I paint directly onto the canvas: I don’t sketch first. I like to build structure with color.
I relinquish notions of absolute truth while intentionally working to disrupt the established. It is through this process, that an adjustment takes place, culminating in an agreement composing differences.
My painting then becomes the act, or process, of settling an inner argument, or disagreement, with my notion of reality as it has been routinely accepted by me. A flux occurs, creating a progressive version of ‘reality’, and a region is newly settled within the confines of the canvas.
A new form of communication and environment crystallizes within an original form of perception and pleasure.
I awake from a dream holding onto Julie with my arms wrapped around her waist. I’m saying that my Mum is just wanting to buy as much time as possible before she dies of cancer.
In this dream I see a leopard print jacket with a candy pink, pink bow, at the top of the neck – who’s touching my clothes?
The walk to Ambleside is littered with abandoned logs.
A collage collects along the low granite wall where the seams of blacktop meet with the rock.
The wind presses forcefully against me like a new lover. It takes all my strength to walk forward into it.
The clouds spit at me and a crow sprays white splotches across my black umbrella.
I leave the library on my way home with three heavy books curled into my arm none of which I want to read when I get home.
My Mother’s apartment building shivers in cold grey as I walk by. I let the wind pull my hair across my eyes so I don’t have to look into the dark empty windows where she once resided in warm lighting.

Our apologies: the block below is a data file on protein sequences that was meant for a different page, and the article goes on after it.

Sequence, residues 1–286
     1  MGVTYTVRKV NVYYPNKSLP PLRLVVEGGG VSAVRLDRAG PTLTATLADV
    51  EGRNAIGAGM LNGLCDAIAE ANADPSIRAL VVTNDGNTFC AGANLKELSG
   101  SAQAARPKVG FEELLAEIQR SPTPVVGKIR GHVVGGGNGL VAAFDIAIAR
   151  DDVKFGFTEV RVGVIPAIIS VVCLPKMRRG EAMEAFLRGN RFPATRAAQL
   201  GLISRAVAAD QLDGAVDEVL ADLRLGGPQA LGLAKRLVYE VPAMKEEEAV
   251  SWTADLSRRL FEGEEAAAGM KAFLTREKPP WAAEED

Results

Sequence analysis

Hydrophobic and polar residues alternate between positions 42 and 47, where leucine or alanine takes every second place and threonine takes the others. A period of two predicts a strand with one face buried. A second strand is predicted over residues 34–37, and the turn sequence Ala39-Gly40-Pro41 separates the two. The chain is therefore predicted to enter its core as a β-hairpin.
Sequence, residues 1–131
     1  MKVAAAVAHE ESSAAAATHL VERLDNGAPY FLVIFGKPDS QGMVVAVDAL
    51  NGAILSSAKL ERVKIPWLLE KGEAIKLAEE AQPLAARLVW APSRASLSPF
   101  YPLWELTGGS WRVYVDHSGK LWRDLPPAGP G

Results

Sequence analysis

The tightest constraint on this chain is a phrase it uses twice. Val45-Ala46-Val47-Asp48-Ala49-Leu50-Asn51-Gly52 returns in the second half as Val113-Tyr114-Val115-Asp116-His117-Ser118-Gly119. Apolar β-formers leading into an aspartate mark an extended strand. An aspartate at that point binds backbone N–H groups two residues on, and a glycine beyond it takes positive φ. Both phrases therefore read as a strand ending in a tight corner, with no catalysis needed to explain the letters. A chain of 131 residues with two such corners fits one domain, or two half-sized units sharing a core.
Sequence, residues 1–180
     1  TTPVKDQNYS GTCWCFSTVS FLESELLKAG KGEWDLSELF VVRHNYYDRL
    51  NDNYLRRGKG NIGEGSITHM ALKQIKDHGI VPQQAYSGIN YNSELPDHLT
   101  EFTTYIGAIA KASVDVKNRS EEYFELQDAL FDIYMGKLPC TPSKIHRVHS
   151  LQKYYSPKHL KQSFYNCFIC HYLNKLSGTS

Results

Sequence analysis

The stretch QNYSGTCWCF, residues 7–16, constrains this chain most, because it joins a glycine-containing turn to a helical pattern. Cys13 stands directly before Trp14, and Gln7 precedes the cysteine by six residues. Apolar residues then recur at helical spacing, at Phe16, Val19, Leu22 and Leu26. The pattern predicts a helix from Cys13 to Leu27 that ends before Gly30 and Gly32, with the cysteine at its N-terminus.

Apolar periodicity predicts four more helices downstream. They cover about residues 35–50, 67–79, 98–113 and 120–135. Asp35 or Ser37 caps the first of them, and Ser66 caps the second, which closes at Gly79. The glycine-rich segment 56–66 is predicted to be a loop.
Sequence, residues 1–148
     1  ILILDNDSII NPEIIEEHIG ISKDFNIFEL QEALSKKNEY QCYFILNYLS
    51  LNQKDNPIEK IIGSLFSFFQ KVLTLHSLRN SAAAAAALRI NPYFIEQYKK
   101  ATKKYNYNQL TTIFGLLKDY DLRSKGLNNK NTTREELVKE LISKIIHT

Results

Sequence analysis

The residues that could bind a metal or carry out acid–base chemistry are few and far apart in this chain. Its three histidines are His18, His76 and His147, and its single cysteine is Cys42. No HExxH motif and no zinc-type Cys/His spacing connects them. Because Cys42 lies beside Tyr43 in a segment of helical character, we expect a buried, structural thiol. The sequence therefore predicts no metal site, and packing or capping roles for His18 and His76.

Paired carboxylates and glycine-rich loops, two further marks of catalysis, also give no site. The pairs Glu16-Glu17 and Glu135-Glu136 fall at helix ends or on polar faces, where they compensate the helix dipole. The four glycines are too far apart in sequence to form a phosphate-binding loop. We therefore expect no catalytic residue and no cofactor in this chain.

I tell myself all along that nothing matters but the feeling of being under twelve today and noticing how connected I am to all of nature as I walk home in fluctuating weather conditions.
Once inside I put on something warm, wipe the bird doo from my umbrella and brew bancha tea. I ignore the days’ old rinsed dishes and the clean laundry waiting to be put away. I can’t scrub a sink or address an envelope right now. I turn the ringer off on the phone, and relax into nothing.
Dream 2 – Excerpt from My Journal – October 6th, 2007.
Across the railway tracks I see Simon, our caretaker, at the top of the telephone pole that stands there. He is carefully wrapping a large piece of white cotton muslin over the top area of the pole; left over right – right over left. We exchange short conversation as the frosty-wet, misty, sleety atmosphere contains us. He says, “The most important things are to: meet, greet, eat, in life.” We smile and laugh, and I go back inside the Seastrand at our east entrance, near Pauline’s suite. – The end –